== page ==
Trust, obedience & happiness

I’m still greatly impacted by Rick Warren’s tweet on trust and obedience, a month after he sent it.

I’m increasingly convinced that trust and obedience are the sum total of both our life in Christ and our obligations as Christians. What I see in myself and in those around me, however, is conditional trust and obedience – ‘I’ll obey God if it will make me happy’ or ‘I’ll obey God when it makes sense [to me] to do so’. Of course, this is not trust or obedience at all, it’s saying that we know better than God:

Do you see a man wise in his own eyes? There is more hope for a fool than for him. Proverbs 26:12

If trust were easy and obvious, if we could see all of the steps that God was going to take to fulfil his promises, it wouldn’t be called trust – it would be called foresight. If obedience clearly lead to personal happiness – if there were no perceived cost in obeying God – it wouldn’t be obedience, it would be obvious self-interest and selfishness would be our logical goal.

Trust and obedience is about clinging to the sovereign LORD at all times but especially when all hope seems lost, when life is bleak and relationships dry. Trust is saying to God:

‘I can’t see what you’re doing but I’m going to accept that you are in control. I’m going to accept that you’re the sovereign LORD who controls all things and works all things for your glory’.

Obedience is saying to God:

‘I’m going to put aside my selfish, short-term and corrupted desires and accept your commands, to trust that the way you designed me and the world around me is best for you, others and myself’.

How else can we understand the trust and obedience displayed by the ‘roll call of the faithful’ in Hebrews 11:1-40, none of whom received God’s promise in their lifetime, or the command to us that follows it?:

Therefore, since we are surrounded by so great a cloud of witnesses, let us also lay aside every weight, and sin which clings so closely, and let us run with endurance the race that is set before us, looking to Jesus, the founder and perfecter of our faith, who for the joy that was set before him endured the cross, despising the shame, and is seated at the right hand of the throne of God. Hebrews 12:1–2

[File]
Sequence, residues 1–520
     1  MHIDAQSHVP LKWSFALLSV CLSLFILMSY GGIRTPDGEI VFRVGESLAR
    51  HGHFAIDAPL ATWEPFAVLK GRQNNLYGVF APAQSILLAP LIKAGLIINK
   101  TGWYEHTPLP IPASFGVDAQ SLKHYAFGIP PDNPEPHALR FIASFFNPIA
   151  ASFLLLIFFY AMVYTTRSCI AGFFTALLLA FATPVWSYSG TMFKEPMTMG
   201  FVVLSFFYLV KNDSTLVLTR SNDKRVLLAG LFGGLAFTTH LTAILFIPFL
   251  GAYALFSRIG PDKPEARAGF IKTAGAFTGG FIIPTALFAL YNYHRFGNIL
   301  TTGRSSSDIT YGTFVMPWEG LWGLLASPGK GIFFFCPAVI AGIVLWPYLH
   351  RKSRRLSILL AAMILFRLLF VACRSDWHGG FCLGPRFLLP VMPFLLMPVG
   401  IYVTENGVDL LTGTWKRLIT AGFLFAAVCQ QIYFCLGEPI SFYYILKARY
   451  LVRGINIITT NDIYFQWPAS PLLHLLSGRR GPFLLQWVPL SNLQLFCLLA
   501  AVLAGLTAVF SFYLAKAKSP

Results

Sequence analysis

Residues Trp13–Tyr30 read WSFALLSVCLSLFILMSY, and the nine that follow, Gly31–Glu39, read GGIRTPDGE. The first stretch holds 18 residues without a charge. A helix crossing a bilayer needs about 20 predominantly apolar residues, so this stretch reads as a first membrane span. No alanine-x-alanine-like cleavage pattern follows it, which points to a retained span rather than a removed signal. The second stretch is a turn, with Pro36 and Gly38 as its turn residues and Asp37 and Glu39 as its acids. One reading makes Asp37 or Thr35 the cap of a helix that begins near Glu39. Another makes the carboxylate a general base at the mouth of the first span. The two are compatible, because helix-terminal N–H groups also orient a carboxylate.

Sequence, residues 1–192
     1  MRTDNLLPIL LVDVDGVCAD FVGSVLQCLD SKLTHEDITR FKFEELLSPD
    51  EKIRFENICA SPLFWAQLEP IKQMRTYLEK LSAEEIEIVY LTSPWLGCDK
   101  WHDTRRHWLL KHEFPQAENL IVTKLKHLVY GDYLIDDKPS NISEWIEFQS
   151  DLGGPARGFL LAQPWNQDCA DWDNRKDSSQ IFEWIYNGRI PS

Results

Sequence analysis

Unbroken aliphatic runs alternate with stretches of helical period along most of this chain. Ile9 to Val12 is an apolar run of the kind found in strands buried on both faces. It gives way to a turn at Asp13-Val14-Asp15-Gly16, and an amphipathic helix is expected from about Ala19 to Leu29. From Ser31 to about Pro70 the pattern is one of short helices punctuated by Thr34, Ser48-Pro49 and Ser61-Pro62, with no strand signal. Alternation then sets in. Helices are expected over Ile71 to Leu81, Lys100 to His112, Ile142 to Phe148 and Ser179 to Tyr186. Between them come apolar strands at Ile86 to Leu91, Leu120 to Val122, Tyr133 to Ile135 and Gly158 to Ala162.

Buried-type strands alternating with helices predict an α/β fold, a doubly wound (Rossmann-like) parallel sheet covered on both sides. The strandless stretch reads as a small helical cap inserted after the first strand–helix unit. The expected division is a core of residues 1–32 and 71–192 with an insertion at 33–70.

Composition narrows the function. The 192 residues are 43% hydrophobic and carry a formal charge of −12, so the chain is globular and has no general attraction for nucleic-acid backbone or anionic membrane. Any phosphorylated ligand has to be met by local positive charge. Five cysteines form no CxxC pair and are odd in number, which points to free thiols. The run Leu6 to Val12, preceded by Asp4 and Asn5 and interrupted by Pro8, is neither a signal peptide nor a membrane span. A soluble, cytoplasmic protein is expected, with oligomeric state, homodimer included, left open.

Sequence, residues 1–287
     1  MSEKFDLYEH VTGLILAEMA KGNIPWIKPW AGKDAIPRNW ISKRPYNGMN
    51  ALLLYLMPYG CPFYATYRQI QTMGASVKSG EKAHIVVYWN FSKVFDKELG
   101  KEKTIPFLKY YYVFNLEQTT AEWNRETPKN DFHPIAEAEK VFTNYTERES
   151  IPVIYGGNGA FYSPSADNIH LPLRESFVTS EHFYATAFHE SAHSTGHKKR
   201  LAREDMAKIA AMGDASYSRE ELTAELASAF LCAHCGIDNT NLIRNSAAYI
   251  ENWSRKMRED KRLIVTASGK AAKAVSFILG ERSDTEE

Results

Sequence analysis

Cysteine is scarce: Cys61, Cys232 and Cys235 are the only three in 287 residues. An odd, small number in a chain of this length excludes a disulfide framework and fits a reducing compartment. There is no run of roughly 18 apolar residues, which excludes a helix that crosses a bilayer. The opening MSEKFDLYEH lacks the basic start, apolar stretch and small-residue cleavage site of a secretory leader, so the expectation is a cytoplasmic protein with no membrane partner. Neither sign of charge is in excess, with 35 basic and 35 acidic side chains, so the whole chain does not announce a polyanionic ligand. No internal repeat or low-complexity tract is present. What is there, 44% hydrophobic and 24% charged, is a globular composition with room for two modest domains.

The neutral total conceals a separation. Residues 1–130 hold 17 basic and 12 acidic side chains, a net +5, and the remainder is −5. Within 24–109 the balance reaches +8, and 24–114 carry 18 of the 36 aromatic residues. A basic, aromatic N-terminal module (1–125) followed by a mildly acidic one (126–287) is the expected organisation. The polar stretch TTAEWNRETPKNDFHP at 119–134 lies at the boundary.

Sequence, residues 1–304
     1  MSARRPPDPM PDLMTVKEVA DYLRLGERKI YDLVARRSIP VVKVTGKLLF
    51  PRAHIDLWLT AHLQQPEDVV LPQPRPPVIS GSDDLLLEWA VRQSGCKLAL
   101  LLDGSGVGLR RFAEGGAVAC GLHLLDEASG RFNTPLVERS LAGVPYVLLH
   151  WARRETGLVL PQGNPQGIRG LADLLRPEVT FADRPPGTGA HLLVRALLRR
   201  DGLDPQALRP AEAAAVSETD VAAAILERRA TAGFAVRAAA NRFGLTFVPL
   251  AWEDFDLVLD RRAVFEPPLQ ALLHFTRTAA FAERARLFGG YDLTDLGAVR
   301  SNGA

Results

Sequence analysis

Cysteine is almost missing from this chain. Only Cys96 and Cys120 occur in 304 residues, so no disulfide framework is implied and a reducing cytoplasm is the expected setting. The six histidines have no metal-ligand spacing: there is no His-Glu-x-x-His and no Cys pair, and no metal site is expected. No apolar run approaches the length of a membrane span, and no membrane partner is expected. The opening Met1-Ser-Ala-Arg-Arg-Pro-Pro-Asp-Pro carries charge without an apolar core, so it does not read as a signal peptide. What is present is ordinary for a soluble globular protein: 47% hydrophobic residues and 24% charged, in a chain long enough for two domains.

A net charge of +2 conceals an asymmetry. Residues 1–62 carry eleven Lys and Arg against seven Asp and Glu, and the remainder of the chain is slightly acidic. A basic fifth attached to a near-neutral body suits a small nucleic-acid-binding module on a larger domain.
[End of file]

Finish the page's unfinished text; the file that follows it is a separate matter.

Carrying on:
Jesus, the one person who perfectly trusted and perfectly obeyed the Father, did not chase his own happiness but endured the shame of our sin on the cross. And we are eternally grateful.

There is more to trust and obedience, however, than personal cost. In trust and obedience there is freedom & joy in living our lives as God designed them to be this side of heaven:

The law of the Lord is perfect, reviving the soul. The statutes of the Lord are trustworthy, making wise the simple. The precepts of the Lord are right, giving joy to the heart. The commands of the Lord are radiant, giving light to the eyes. The fear of the Lord is pure, enduring forever. The ordinances of the Lord are sure and altogether righteous. They are more precious than gold, than much pure gold; they are sweeter than honey, than honey from the comb. By them is your servant warned; in keeping them there is great reward. Psalm 19:7-11

In trust and obedience there is certainty to rely on His grace – there is no need to impress God by performing great deeds, making impressive sacrifices or committing violence:

With what shall I come before the Lord and bow down before the exalted God? Shall I come before him with burnt offerings, with calves a year old? Will the Lord be pleased with thousands of rams, with ten thousand rivers of oil? Shall I offer my firstborn for my transgression, the fruit of my body for the sin of my soul? He has showed you, O man, what is good. And what does the Lord require of you? To act justly and to love mercy and to walk humbly with your God. Micah 6:6-8

In trust and obedience there is peace – we don’t need to plan God’s work for Him nor must we anticipate the whim of an imperfect or changing god. Abram (Abraham) did not orchestrate his role in God’s plan, God alone decided to call Abram. And God called Moses and all other prophets, gave kings their power and took that power away, sent His messiah and called His disciples. He planned our salvation before time began – God has not required human input to formulate His plans. Our responsibility is to lay our lives down before Him and obedient as He directs us:

And now, O Israel, what does the Lord your God ask of you but to fear the Lord your God, to walk in all his ways, to love him, to serve the Lord your God with all your heart and with all your soul, and to observe the Lord’s commands and decrees that I am giving you today for your own good? Deuteronomy 10:12

Trust & Obey. Trust & Obey. Trust & Obey. Trust & Obey. Trust & Obey. Trust & Obey. Trust & Obey. Got it?